$bytes = [System.Text.Encoding]::ASCII.GetBytes($credential)
  $base64 = [System.Convert]::ToBase64String($bytes)
  $basicAuthValue = "Basic $base64"
  $headers = @{ Authorization = $basicAuthValue }

Exporting Advanced Security results for a single repository

Once we have an appropriately configured auth header, calling the API to retreive results is really simple! Set your values for API endpoint, organisation and repo and you’re ready to go!

  $HOST_NAME = ""
  $GITHUB_OWNER = "demo-org"
  $GITHUB_REPO = "demo-repo"

  $response = Invoke-RestMethod -FollowRelLink -Method Get -UseBasicParsing -Headers $headers -Uri https://$HOST_NAME/repos/$GITHUB_OWNER/$GITHUB_REPO/code-scanning/alerts

  $finalResult += $response | %{$_}

The above code is pretty straight forward, with the URL being built by providing the “owner” and repo name. One thing we found a little unclear in the doco was who the owner is. For a personal public repo this is obvious, but for our Github EMU deployment we had to set this as the organisation instead of the creating user.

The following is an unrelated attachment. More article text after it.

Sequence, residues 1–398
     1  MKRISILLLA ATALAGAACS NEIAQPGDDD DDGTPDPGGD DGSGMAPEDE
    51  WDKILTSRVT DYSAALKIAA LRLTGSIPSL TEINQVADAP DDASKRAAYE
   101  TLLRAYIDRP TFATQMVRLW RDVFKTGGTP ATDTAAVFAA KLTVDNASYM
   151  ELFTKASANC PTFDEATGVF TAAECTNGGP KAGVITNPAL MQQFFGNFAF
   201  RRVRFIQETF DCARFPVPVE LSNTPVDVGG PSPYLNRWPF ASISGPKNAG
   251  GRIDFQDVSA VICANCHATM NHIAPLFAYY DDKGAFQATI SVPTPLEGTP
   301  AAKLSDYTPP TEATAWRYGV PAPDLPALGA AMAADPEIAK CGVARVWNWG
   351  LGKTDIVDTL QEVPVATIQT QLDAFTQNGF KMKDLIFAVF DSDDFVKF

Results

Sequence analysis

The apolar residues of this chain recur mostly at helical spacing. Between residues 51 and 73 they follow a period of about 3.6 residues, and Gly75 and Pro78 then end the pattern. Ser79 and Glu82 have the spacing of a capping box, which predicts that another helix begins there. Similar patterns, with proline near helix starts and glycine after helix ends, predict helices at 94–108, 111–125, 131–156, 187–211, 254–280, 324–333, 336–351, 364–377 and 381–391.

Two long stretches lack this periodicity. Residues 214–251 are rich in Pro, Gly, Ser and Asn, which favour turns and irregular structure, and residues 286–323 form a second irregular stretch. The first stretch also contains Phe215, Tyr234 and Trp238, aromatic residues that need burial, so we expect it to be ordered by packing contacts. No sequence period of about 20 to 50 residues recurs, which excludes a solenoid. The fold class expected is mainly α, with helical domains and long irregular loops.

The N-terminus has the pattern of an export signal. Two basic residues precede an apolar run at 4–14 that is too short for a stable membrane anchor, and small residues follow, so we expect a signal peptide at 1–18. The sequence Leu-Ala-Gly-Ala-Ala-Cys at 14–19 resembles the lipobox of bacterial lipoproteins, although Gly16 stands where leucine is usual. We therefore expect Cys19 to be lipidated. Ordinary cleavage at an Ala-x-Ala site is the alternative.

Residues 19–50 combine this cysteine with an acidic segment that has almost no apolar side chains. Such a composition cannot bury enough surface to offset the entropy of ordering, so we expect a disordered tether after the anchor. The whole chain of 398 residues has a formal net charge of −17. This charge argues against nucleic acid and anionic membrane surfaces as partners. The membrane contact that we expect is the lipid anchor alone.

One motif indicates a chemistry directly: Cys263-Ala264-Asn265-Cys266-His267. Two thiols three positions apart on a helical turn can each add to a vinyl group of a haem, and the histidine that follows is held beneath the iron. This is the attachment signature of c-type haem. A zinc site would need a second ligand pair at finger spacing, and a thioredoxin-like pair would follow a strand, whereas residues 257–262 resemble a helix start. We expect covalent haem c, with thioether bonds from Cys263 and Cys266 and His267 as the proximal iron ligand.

Once we have a URI, we call the API endpoint with our auth headers for a standard REST response. Finally, we parse the result to a nicer object format (due to the way Invoke-RestMethod -FollowRelLink parameter works).

The outcome we quickly achieve using the above is a PowerShell object which can be exported to parsable JSON or CSV formats!

Exported Advanced Security Results
Once you have a PowerShell Object, this can be exported to a tool of your choice

Exporting Advanced Security results for an entire organisation